Thursday, December 8, 2016
December 8, 2016: Fall 2016 Reflections: First Book Talks
[As another semester comes to a close, I’ll reflect on some of my fall courses and conversations, focusing this time on moments and ways that they were relevant to our own moment. I’d love to hear your Fall 2016 reflections as well!]
Two good questions that have come out of my first chances to share the new book.
First, I’ll reiterate how much I’m hoping to find opportunities and venues in which to talk about History and Hope in American Literature: Models of Critical Patriotism. My year and a half of book talks for The Chinese Exclusion Act was one of my true career and life highlights to date, for lots of reasons but most especially because it felt like a genuine practice of my goals of connecting my ideas to different audiences and conversations. That feels even more important to me now, and I’m open to literally every possible venue, space, community, and conversation to which I might be able to connect my thoughts on critical patriotism as a concept, the particular texts and figures that serve as my examples, and lots of related American histories and stories. So if you have any thoughts on such book talk opportunities, please feel free and encouraged to mention them in comments here, or by email to me, and thanks very much in advance!
At my first book talk, offered through our graduate program’s Colloquium series, a thoughtful Fitchburg State University English Studies Major asked how I would differentiate my emphasis on critical patriotism from the version seemingly offered by Donald Trump, who after all has pitched his critiques of contemporary America as a vehicle through which to “Make America Great Again.” It was a very good question, and it helped me to realize that my definition of critical patriotism is particularly focused on the kind of historical understanding and narrative it offers. That is, my central problem with MAGA is that its critique of current America is contrasted with a mythical vision of America’s past, one that overtly excludes all sorts of communities, cultures, and histories in order to create that mythology of past “greatness.” As a result, MAGA isn’t really critical at all, relying on a historical narrative that parallels the easy version of patriotism and positions our present and future goal as a return to that simplified, mythologized, implicitly (if not indeed overtly) white European Christian definition of our national identity and community. It’s no coincidence, that is, that so much exclusionary hate has surged in the aftermath of Trump’s electoral triumph—pointing us toward not a genuinely shared future, but one more dark historical moment.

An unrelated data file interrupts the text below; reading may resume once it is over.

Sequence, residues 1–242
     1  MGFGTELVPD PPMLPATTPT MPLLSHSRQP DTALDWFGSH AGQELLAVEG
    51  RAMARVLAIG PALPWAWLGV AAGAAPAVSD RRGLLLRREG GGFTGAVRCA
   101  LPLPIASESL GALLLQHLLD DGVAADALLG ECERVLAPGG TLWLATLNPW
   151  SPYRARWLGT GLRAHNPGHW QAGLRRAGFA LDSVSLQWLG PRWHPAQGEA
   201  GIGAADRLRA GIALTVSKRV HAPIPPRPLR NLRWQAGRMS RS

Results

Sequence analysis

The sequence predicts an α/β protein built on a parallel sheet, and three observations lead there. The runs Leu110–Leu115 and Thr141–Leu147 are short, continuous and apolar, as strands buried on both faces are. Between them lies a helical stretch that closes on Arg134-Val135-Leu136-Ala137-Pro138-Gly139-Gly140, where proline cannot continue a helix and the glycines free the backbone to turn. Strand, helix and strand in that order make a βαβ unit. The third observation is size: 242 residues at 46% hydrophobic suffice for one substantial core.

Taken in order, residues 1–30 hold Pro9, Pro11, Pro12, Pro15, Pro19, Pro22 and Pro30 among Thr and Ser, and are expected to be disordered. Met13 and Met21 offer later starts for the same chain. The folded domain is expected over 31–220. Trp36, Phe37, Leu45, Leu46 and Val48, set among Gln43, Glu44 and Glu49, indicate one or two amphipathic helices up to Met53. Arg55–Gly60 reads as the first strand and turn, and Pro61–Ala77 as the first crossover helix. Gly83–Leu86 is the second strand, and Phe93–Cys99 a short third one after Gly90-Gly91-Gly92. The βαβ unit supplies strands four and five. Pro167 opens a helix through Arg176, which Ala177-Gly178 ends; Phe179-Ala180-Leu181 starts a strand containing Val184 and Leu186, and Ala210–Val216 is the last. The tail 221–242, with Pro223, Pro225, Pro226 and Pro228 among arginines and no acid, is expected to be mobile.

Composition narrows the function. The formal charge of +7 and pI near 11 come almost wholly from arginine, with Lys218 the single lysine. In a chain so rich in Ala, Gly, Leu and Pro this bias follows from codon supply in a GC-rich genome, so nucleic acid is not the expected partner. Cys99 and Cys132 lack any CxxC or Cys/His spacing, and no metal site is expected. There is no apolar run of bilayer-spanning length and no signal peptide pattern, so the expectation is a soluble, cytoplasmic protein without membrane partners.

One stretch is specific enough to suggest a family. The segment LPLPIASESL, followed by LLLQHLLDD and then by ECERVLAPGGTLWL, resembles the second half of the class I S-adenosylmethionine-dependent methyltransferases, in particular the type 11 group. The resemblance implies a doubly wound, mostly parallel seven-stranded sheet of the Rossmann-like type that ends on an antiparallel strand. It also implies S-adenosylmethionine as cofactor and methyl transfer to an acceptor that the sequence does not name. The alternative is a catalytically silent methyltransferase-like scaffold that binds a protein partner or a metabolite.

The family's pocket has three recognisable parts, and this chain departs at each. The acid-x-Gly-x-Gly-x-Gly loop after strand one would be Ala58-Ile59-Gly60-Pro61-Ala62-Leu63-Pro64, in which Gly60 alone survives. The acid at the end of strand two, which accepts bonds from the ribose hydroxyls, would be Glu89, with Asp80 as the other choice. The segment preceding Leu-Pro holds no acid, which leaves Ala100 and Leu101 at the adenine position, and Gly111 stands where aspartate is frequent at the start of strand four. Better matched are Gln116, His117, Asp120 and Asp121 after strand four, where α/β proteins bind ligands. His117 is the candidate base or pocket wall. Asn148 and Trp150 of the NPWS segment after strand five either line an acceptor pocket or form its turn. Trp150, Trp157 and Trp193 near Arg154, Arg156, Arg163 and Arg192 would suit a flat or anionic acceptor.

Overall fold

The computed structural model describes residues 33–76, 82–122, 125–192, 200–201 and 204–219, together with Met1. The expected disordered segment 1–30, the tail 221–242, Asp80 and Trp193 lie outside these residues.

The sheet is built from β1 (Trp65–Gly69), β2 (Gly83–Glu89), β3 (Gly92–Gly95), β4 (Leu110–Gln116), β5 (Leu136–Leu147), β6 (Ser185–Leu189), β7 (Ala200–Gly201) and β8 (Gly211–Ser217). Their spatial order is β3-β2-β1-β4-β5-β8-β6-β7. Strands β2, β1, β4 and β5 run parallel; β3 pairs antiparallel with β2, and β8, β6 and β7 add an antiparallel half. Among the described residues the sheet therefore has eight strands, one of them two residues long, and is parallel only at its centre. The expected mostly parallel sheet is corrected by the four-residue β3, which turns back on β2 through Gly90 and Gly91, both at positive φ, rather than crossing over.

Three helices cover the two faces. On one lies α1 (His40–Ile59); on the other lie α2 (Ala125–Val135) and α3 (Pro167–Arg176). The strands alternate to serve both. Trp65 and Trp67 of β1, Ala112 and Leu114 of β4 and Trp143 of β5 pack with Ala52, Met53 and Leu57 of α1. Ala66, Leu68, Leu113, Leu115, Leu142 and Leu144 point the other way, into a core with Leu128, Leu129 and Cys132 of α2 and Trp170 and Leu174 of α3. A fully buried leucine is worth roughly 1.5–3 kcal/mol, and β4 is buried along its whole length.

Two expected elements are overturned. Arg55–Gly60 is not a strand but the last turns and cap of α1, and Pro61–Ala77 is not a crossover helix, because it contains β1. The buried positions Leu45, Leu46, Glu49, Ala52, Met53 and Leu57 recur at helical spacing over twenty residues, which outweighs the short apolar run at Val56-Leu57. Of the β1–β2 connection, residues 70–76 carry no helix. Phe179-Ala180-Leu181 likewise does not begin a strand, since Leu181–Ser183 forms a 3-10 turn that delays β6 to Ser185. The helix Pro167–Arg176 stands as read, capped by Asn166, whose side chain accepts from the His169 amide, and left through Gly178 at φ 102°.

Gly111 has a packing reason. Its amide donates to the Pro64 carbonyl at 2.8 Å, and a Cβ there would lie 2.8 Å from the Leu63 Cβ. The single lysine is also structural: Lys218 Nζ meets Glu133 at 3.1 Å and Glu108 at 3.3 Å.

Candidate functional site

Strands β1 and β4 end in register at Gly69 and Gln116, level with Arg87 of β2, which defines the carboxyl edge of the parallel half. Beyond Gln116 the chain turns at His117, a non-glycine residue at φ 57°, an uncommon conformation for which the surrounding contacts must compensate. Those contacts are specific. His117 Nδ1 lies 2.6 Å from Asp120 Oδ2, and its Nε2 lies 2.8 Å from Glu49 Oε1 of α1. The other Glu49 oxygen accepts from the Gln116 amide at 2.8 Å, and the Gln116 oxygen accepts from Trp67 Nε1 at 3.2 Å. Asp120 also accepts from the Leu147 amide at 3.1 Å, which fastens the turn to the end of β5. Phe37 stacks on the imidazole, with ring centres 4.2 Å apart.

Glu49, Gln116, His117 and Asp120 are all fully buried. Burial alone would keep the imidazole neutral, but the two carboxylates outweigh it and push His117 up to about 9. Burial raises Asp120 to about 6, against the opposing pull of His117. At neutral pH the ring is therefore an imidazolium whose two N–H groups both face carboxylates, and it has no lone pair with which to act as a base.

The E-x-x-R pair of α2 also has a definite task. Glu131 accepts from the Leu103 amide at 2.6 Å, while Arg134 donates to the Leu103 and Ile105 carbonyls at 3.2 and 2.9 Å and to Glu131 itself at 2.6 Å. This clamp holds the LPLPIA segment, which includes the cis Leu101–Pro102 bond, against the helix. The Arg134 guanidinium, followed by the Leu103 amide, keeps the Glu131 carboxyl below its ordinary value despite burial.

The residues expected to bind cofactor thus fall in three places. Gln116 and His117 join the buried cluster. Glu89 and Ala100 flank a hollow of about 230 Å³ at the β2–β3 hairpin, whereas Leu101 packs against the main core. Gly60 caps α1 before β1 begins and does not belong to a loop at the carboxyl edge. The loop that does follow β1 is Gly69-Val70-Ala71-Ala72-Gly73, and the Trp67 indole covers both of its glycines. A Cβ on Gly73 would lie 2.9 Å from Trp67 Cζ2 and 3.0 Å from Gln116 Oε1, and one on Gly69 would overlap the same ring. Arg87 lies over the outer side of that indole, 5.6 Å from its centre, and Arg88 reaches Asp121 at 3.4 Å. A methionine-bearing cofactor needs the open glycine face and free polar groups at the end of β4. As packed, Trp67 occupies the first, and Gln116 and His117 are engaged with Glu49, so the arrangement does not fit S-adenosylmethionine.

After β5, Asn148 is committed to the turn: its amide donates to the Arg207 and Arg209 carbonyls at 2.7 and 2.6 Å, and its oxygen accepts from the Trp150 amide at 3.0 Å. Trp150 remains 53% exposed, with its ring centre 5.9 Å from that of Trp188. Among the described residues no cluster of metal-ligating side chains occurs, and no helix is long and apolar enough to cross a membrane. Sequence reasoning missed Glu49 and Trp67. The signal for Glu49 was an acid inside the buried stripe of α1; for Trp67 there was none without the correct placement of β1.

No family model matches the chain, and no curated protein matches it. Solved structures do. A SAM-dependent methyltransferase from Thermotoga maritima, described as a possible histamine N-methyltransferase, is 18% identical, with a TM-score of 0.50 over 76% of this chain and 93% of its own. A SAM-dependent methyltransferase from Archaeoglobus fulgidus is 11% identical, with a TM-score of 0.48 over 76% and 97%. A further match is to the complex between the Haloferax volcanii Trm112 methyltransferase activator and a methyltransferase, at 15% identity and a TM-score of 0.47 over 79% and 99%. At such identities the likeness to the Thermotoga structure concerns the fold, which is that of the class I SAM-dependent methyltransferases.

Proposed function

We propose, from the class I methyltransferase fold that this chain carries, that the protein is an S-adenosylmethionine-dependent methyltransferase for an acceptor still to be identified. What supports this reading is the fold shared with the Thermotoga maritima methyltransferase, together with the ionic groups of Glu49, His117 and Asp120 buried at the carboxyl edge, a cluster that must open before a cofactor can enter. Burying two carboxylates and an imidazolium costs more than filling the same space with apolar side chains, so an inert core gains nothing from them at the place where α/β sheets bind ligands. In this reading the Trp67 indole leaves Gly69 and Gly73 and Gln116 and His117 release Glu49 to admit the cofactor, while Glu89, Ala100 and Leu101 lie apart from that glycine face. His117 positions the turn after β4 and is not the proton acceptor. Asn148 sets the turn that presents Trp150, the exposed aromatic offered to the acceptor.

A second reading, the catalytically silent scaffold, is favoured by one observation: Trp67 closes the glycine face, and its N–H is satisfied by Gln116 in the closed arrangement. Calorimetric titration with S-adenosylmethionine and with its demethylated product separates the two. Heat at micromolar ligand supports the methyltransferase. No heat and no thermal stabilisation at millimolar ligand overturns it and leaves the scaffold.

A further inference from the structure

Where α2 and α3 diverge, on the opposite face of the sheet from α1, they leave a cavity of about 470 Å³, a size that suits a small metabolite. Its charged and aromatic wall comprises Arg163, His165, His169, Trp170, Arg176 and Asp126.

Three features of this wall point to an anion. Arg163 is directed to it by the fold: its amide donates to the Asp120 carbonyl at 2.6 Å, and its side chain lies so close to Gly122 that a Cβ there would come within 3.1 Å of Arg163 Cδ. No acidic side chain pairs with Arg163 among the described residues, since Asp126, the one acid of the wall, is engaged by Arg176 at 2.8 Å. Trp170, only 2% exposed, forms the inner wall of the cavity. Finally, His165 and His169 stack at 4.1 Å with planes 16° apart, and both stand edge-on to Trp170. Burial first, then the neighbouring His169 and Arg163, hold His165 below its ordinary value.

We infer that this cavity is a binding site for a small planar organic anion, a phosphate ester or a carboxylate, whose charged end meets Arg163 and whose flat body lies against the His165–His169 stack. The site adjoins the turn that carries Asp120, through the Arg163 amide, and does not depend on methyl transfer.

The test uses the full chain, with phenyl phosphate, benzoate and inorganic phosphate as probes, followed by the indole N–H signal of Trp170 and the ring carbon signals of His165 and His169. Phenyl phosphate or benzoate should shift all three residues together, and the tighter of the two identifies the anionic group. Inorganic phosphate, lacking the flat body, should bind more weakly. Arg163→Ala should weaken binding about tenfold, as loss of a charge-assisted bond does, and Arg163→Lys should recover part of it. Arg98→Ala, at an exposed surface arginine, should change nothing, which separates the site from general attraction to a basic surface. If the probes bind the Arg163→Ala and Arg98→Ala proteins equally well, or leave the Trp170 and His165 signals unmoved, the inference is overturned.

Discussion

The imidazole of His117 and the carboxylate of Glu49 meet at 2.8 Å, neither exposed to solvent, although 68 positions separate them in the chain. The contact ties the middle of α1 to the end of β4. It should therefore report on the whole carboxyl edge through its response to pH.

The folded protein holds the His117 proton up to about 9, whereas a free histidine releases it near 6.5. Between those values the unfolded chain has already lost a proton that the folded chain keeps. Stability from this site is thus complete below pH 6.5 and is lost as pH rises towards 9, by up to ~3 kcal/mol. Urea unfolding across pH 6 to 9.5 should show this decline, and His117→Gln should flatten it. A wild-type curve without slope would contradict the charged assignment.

At my second talk, part of an official launch for the book put on by FSU’s wonderful Center for Teaching & Learning, one of our best English Studies grad students asked another and even more complex and crucial question. She noted that in many of my examples of critical optimism and hope, it’s minorities and other oppressed Americans who find their way to those almost utopian perspectives and actions, despite—or, as I argue it, through—the dark histories with which they’re confronted. And she wondered whether that model of critical patriotism doesn’t ask even more—too much, perhaps—of these particularly put-upon fellow Americans. While I see the model as one that all Americans should emulate, there’s no doubt that, as a middle class white man, I come at the issue from a position of significant privilege, and should never assume that I can speak for Americans (or anyone) who are in a different and more tenuous or threatened position. I hope and believe that my work represents one central way that I can dedicate myself to working for all Americans, past, present, and future, and most especially for those whose histories and heritages are too often ignored, forgotten, and excluded from our collective narratives of identity and community. But this great question reminded me of how much I also must continue to listen to voices and perspectives from all those communities, and revise my own ideas as I do—which is one more argument for as many book talks as possible!
Last reflection tomorrow,
PS. Book talk opportunities you’d highlight? Other fall reflections you’d share?